Mk. I, II, IIS, III, IV, V, VI
365 m/s (1,198 ft/s)
The STEN (or Sten gun) was a family of British submachine guns chambered in 9×19mm and used extensively by British and Commonwealth forces throughout World War II and the Korean War. They had a simple design and very low production cost, so they were also effective insurgency weapons for resistance groups.
STEN is an acronym, from the names of the weapon's chief designers, Major Reginald V. Shepherd and Harold Turpin, and EN for Enfield. Over four million Stens in various versions were made in the 1940s.
The Sten emerged while Britain was engaged in the Battle of Britain, facing invasion by Germany. The army was forced to replace weapons lost during the evacuation from Dunkirk while expanding at the same time. Prior to 1941 (and even later) the British were purchasing all the Thompson submachine guns they could from the United States, but these did not meet demand. American entry into the war at the end of 1941 placed an even bigger demand on the facilities making Thompsons. In order to rapidly equip a sufficient fighting force to counter the Axis threat, the Royal Small Arms Factory, Enfield, was commissioned to produce an alternative.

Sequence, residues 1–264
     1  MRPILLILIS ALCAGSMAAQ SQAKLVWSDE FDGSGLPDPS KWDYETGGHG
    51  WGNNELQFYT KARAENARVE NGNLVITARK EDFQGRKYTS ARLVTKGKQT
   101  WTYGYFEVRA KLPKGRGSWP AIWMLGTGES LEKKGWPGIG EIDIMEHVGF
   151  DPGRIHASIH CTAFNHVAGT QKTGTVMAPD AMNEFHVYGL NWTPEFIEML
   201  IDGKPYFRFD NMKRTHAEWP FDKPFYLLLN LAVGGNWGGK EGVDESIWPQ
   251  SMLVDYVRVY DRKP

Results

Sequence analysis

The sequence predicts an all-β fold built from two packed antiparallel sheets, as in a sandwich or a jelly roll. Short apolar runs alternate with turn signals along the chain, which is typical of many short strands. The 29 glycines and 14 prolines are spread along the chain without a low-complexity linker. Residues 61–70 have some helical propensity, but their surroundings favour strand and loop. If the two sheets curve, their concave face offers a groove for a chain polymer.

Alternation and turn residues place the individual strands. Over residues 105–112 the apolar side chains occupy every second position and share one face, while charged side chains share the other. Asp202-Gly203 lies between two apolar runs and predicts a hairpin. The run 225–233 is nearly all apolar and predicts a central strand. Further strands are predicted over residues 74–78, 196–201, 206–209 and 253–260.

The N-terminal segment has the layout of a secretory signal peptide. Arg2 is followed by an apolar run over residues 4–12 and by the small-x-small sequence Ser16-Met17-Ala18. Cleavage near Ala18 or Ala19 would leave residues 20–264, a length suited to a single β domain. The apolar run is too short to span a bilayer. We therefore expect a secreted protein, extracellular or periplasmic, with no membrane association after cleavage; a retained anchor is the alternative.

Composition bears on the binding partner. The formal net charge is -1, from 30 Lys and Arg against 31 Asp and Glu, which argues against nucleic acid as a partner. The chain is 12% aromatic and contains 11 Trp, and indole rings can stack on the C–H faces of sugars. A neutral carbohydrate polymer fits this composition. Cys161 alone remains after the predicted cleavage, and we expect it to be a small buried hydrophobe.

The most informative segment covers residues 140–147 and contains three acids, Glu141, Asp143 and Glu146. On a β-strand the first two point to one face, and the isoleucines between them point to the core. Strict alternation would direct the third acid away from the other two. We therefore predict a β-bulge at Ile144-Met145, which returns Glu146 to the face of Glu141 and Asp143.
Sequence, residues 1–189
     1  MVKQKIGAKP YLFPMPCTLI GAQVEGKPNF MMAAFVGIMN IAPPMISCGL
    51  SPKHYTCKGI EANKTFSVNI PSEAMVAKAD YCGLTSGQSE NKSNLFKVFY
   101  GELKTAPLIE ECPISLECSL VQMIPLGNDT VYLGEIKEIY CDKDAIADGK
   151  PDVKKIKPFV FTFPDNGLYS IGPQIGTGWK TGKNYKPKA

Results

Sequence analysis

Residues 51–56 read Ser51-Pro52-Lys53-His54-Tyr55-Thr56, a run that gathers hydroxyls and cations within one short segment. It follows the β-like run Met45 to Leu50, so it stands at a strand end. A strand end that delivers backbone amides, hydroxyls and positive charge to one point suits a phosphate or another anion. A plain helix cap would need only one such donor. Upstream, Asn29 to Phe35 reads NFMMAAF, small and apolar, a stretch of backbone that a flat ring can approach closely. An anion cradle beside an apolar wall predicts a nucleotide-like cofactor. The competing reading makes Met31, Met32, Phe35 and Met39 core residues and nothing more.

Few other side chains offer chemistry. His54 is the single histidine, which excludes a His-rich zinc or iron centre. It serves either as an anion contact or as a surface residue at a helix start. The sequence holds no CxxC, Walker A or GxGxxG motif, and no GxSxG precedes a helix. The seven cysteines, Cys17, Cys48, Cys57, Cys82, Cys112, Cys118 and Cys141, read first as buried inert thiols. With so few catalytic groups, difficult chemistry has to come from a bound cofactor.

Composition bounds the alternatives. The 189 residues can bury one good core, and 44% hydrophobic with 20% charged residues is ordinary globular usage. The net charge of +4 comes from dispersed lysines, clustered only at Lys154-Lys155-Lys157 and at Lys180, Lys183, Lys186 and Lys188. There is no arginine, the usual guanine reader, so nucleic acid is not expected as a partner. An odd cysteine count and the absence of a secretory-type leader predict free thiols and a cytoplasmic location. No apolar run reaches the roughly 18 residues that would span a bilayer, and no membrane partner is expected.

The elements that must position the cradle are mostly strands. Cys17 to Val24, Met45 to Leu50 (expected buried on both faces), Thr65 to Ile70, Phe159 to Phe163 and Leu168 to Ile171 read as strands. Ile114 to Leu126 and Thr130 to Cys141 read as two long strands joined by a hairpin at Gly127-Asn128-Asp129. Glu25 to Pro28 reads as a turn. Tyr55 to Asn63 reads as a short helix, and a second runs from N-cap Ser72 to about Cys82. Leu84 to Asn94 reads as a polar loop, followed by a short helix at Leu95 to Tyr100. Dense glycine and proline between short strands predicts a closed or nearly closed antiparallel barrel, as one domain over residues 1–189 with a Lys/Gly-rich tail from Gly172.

The credited designers were Major R. V. Shepherd, OBE, Inspector of Armaments in the Ministry of Supply Design Department at The Royal Arsenal, Woolwich, (later Assistant Chief Superintendent at the Armaments Design Department) and Mr. Harold John Turpin, Senior Draughtsman of the Design Department of the Royal Small Arms Factory (RSAF), Enfield. Shepherd had been recalled to service after having retired and spending some time at the Birmingham Small Arms Company (BSA).
The Sten shared design features, such as its side-mounted magazine configuration, with the Royal Navy's Lanchester submachine gun, which was a copy of the German MP28. In terms of manufacture, the Lanchester was entirely different, being made of high-quality materials with pre-war fit and finish, in stark contrast to the Sten's austere execution. The Lanchester and Sten magazines were even interchangeable (though the Lanchester's magazine was longer with a 50-round capacity, compared to the Sten's 32-round capacity).